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IDBI Bank Files Insolvency Case against Anil Ambani's Reliance Naval

Lenders however have asked the company to submit a revised resolution plan within 10 days, which if accepted could see a withdrawal of the insolvency plea.

New Delhi: IDBI Bank on Thursday filed an insolvency application against the Anil Ambani-owned Reliance Naval and Engineering in the Ahmedabad bench of the National Company Law Tribunal, in a petition that seeks debt resolution under India’s insolvency and bankruptcy (IBC) process.

The application kicks off an end-game of sorts for Reliance Naval, which for the last six months has struggled to present an acceptable resolution plan to its lenders, to whom the company owes nearly Rs 9,000 crore.

Reliance Naval is part of a group of companies that were affected by the Reserve Bank of India’s February 12 circular, which gave banks a six month-period to resolve debt for corporate accounts that were in default by even one day. If a resolution plan could not be worked out in six months, the lenders would have to drag the defaulter to the NCLT to start the insolvency and bankruptcy process.

As The Wire reported in April 2018, multiple banks were forced to declare the Reliance Naval account as non-performing after it failed to service its interest obligations in the October-December 2017 quarter.

In the quarter ended June 2018, the company reported a consolidated loss of Rs 347.1 crore.

Settlement offer on the cards?

On Thursday, in an afternoon meeting with its lenders, the promoters of Reliance Naval offered a one-time settlement offer, which would see a Rs 1,000 crore cash repayment upfront in addition to converting remaining debt into equity and convertible redeemable preference shares. The company has also allegedly offered to take over Rs 1,350 crore of the firm’s guarantee and move it to the parent Reliance Infrastructure.

Banking sources The Wire spoke to, however, indicated that such a deep haircut was being viewed with wariness. The lenders have consequently asked Reliance Naval to come up with a revised settlement within the next 10 days. If the new offer is acceptable, the insolvency petition could be withdrawn.

According to a new amendment to the IBC guidelines, if 90% of lenders agree to accept a settlement offer – and a deal is arrived at before the bidding process starts – then banks have the power to withdraw from the insolvency proceedings.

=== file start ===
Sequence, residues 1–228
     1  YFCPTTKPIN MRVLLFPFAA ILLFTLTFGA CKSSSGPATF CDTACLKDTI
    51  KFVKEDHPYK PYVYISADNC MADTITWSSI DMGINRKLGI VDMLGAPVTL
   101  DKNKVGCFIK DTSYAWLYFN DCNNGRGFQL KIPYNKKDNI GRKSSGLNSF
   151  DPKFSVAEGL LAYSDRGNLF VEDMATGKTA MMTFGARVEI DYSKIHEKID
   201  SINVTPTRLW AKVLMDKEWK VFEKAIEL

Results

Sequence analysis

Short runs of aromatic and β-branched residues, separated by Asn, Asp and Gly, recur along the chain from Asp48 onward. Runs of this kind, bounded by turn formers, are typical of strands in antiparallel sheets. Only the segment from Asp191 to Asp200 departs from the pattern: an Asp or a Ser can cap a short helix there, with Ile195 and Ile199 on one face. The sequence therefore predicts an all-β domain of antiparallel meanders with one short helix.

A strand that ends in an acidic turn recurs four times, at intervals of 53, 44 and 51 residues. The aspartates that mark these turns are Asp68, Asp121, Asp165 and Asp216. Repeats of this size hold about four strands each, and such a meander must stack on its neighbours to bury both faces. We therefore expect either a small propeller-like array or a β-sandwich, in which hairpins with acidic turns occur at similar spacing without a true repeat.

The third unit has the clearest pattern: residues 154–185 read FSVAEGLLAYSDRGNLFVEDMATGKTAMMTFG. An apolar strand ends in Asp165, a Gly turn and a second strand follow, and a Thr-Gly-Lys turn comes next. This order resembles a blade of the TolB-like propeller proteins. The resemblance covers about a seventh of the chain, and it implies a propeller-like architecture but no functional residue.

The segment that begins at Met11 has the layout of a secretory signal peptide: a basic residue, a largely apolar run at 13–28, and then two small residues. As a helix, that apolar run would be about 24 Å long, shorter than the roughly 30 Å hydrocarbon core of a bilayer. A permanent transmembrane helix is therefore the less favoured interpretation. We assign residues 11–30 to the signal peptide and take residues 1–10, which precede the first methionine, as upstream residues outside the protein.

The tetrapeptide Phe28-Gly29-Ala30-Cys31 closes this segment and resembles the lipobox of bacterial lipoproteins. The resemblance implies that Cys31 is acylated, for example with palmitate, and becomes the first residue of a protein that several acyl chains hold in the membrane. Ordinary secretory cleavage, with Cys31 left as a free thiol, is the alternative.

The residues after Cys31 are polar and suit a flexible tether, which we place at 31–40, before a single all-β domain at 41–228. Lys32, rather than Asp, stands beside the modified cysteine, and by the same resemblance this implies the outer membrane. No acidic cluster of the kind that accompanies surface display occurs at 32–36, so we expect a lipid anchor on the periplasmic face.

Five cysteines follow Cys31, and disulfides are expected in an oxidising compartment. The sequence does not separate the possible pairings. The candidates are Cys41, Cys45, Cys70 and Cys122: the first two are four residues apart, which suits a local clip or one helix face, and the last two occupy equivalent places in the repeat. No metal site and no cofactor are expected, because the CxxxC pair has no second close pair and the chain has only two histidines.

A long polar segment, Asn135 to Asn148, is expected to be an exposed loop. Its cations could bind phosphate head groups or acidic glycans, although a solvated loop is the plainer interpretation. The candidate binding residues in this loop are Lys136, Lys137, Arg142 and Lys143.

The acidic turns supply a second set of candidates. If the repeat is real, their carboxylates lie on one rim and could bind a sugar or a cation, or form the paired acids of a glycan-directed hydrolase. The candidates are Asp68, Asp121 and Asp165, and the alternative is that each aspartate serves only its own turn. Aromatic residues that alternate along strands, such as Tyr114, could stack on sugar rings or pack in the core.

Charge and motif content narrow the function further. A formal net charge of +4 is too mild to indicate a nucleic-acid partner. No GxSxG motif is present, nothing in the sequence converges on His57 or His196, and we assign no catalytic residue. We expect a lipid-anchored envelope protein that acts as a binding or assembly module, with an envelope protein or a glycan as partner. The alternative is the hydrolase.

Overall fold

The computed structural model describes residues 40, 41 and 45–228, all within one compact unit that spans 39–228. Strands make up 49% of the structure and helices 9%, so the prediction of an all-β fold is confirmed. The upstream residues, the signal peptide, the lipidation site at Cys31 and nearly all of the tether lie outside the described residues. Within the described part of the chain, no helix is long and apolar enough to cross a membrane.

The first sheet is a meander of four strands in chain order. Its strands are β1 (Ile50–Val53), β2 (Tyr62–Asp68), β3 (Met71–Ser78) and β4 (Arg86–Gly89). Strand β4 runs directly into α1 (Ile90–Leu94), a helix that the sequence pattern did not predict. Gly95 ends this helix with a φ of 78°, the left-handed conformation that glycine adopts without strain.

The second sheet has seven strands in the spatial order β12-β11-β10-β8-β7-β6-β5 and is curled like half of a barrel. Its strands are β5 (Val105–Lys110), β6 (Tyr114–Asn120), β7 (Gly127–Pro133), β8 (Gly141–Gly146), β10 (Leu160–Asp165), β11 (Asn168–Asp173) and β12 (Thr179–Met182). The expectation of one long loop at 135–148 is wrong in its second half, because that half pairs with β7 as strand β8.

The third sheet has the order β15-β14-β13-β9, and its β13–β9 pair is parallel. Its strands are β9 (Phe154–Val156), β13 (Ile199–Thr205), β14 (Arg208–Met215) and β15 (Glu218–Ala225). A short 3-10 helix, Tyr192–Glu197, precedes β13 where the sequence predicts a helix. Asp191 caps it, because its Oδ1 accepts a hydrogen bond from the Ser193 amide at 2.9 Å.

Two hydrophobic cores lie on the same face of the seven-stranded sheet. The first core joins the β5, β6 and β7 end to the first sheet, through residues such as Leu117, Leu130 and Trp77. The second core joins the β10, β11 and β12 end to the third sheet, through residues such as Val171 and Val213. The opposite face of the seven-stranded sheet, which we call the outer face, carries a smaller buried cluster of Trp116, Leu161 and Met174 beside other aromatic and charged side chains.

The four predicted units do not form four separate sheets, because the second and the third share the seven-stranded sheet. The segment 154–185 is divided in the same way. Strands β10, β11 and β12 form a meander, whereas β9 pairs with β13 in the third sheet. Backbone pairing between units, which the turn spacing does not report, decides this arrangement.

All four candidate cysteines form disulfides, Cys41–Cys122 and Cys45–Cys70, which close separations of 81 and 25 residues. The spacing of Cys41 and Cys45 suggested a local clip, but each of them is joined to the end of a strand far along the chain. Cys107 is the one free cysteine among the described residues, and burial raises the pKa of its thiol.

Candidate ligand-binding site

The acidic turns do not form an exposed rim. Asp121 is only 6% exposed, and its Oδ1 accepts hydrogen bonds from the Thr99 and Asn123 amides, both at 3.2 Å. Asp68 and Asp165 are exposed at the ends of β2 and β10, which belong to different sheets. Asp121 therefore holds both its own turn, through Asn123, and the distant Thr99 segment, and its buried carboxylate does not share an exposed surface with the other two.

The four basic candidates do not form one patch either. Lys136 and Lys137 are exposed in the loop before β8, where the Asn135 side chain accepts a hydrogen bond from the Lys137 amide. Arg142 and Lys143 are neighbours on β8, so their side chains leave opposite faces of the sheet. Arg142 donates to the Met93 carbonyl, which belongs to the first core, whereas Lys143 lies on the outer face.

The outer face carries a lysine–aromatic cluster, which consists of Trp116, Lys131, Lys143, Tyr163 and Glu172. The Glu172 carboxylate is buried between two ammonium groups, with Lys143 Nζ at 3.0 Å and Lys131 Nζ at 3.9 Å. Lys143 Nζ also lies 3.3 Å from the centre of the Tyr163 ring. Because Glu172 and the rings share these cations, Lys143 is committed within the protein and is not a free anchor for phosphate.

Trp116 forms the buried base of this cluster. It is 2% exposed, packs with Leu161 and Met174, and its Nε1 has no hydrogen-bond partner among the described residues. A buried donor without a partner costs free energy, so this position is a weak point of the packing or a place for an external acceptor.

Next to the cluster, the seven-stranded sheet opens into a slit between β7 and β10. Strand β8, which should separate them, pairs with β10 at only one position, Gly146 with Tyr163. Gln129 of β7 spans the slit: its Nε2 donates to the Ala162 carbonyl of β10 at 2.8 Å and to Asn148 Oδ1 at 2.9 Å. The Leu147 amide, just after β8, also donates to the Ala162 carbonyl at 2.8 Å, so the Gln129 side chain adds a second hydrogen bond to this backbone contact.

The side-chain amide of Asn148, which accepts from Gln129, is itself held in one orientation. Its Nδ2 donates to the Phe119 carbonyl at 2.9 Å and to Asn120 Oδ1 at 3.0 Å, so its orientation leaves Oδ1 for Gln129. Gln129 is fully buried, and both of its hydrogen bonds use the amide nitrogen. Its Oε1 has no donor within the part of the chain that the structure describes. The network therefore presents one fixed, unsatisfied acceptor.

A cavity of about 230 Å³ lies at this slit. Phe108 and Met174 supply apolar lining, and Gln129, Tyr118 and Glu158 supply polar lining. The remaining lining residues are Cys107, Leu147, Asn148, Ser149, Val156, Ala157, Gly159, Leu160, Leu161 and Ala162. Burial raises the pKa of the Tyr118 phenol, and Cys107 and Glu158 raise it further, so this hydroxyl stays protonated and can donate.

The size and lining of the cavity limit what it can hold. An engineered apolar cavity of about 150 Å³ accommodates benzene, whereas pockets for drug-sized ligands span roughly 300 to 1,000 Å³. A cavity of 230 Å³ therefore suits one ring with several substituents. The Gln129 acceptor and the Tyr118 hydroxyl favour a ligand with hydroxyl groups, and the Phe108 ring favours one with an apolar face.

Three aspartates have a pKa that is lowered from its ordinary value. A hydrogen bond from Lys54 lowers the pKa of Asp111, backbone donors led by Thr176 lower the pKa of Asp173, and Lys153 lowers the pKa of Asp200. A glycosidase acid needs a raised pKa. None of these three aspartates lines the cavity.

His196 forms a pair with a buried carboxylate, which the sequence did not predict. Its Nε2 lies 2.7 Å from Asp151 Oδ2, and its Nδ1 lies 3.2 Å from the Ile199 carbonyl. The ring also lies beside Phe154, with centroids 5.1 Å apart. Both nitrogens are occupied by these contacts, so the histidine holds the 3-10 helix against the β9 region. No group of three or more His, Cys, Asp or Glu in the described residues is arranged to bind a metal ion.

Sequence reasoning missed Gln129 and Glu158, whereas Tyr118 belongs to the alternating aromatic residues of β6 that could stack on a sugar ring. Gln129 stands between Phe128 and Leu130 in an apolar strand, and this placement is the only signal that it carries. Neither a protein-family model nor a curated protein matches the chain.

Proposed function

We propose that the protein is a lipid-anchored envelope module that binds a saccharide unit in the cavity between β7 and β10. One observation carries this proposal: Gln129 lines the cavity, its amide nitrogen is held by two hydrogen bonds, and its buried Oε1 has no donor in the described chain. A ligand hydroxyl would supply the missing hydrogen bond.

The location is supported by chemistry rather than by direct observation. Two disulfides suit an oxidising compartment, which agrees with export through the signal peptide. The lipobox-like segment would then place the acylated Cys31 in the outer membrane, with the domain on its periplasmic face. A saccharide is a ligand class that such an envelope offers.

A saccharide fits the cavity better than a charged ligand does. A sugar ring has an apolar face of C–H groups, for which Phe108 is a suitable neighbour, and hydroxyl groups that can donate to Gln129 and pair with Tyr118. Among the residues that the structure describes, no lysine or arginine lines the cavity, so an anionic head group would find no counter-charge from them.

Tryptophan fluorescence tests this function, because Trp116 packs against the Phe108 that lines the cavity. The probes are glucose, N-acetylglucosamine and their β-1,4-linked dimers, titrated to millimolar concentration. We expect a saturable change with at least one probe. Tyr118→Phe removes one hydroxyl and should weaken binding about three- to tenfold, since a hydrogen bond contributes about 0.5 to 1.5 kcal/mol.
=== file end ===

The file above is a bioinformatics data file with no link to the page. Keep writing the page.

A questionnaire sent to Reliance Naval regarding its revised settlement offer went unanswered until the time of publication.

In April, The Wire reported how Anil Ambani’s decision to purchase the heavily-indebted Pipavav Defence in a fire-sale didn’t really pay off.  At the time of the acquisition, Pipavav (which was later renamed to Reliance Naval and Engineering) was in a corporate debt restructuring programme, with dues of nearly Rs 7,500 crore.

Since then, Reliance  hasn’t been able to turn things around – in March this year, in a curious turn of events,The Wire had reported how Reliance Infrastructure issued a Rs 5,000 crore arbitration notice against the founders of Pipavav.

The notice – which named Nikhil Gandhi, Bhavesh Gandhi and their companies SKIL Infrastructure, Grevek Investments and SKIL Shipyard holdings – said that it was entitled to claims for Rs 5,440.38 crore for “breach of warranties under the purchase agreement” between Reliance Infra and the “founder promoters”.

According to legal sources with knowledge of the arbitration process, Reliance discovered what it believes are serious breaches in representations made by the founder promoters, revolving around the state of affairs and governance standards of the company.

In April, the company’s auditors raised doubts over the firm’s ability to continue as a “going concern”. In its defence, Reliance Naval has blamed a global slowdown in the shipbuilding industry and inordinate delays by India’s defence ministry in handing out contracts.

In August 2018, Anil Ambani stepped down as director of the debt-ridden firm in order to comply with a provision in India’s companies law.